Judy’s Book Launches ‘CouponLooker’ Search Engine
Judy’s Book, which has gone through a very interesting and very public change in its business model – from local directory with reviews to shopping site – has now launched a search engine for deals and coupons: CouponLooker.com. It seeks to be an aggregator of deals online to enable people to find them more quickly […]
Judy’s Book, which has gone through a very interesting and very public change in its business model – from local directory with reviews to shopping site – has now launched a search engine for deals and coupons: CouponLooker.com. It seeks to be an aggregator of deals online to enable people to find them more quickly and easily. There’s also a widget strategy for affiliate distribution.
Of course, people love deals and saving money. But you still might be surprised to hear that the total face value of distributed coupons in the U.S. was a whopping $332 billion in 2006 (most of which were never redeemed) and that more than 79% of the U.S. population uses coupons. There are also data that show more than 50% of Sunday newspapers are purchased for the coupons.
Given all this consumer interest in coupons and the value of the market as a whole, it’s also something of a surprise there really hasn’t been a good place to find them online since the bubble burst in 2000-2001. That might give Judy’s Book an opportunity here versus some existing sites that haven’t seemed to grab solid mindshare.
Among existings sites, there are Coupons.com and CoolSavings, which have been around for some time. There is also Valpak.com, the online companion to the popular direct mail couponer. There’s also Boodle (not to be confused with classifieds aggregator Oodle), which offers grocery coupons. Finally, there’s IAC’s Entertainment (“The Entertainment Book”), a hit offline but so far a non-entity online.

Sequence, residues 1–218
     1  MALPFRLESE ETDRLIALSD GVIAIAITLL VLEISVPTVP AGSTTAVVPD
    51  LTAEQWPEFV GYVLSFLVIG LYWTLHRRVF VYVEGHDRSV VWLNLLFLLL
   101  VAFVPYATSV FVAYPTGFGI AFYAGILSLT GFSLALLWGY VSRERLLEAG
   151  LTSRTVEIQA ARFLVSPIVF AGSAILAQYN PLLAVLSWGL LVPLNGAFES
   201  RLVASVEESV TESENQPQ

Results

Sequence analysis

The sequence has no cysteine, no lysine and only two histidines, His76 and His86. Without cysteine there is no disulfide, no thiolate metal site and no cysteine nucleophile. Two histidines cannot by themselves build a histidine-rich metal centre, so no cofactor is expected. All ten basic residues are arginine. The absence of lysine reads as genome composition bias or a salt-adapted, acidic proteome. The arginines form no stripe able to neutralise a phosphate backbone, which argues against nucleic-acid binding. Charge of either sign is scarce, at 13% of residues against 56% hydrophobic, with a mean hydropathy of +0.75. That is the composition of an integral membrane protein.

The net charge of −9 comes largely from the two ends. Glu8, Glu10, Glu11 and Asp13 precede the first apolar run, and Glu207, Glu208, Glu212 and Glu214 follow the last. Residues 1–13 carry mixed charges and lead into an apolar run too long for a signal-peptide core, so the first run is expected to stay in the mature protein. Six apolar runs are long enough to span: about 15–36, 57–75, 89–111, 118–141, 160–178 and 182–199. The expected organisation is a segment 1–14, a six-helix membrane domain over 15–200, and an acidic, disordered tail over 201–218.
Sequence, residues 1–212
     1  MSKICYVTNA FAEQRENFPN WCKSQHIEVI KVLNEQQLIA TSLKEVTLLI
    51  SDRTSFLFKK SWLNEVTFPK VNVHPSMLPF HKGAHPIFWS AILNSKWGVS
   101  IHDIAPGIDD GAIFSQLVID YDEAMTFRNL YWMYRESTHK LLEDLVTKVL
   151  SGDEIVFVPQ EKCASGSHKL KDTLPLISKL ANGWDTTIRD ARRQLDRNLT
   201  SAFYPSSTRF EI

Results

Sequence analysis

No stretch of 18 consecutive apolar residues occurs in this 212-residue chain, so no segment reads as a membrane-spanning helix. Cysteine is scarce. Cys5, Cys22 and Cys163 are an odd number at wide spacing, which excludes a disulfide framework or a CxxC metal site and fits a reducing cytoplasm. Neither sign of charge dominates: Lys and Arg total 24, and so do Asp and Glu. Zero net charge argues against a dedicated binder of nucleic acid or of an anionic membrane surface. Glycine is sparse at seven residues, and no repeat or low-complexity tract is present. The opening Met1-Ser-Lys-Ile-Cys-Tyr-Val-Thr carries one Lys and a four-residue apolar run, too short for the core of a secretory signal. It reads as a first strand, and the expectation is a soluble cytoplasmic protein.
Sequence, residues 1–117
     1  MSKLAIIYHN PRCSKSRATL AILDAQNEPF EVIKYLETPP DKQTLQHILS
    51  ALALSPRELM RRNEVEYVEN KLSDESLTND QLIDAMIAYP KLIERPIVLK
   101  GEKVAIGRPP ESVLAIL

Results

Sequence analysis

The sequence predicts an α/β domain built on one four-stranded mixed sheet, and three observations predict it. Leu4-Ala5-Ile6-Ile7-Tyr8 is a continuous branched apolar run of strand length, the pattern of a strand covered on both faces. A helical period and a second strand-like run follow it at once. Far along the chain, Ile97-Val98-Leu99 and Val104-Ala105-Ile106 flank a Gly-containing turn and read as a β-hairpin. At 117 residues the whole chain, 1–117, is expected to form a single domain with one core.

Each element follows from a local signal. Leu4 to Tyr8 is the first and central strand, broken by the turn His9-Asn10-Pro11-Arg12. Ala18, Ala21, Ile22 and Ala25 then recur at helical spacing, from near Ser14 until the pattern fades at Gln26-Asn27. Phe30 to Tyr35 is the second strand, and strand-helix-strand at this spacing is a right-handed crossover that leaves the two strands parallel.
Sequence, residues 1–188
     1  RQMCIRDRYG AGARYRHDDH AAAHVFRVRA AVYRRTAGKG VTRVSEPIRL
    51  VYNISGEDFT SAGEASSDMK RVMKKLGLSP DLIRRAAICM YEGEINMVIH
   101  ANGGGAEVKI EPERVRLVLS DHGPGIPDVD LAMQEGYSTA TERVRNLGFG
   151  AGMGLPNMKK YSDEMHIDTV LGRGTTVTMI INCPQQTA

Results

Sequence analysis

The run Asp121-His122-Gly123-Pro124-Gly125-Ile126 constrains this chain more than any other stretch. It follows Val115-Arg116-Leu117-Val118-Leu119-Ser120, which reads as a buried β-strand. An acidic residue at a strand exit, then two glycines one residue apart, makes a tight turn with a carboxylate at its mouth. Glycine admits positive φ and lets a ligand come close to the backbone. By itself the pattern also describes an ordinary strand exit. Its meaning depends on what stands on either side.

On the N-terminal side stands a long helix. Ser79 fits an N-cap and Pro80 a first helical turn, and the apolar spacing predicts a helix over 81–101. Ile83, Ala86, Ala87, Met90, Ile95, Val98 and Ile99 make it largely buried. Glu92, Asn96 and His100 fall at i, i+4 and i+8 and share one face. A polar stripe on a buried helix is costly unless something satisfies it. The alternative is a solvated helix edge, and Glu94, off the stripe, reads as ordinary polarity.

I’m sure there are others; but the point is that there’s no “top of mind” coupon site for most consumers. And most coupon sites, because of uneven coverage, are “push” models instead of “pull” (the search model). As an aside, coupons are interesting for two additional reasons: their application to mobile and the way that they help track the relationship and “close the loop” between online advertising and offline purchases.
Google has added coupons to Google Maps through deals with Valpak and, only this week, signed a deal with PennySaver. It also allows local businesses to create coupons in its local business center (Yahoo also allows businesses to add coupons and introduced a coupons “shortcut”). Still coupons have not been highly visible on Google or Yahoo either.
As I said, Judy’s Book has a real opportunity to build a consumer destination for coupons. And while online coupons are still a tiny fraction of the total market, they’re poised for growth. I previously estimated that the total face value of online coupons will be worth just over $16 billion in 2010 and the redeemed value of those coupons will be about $2.4 billion.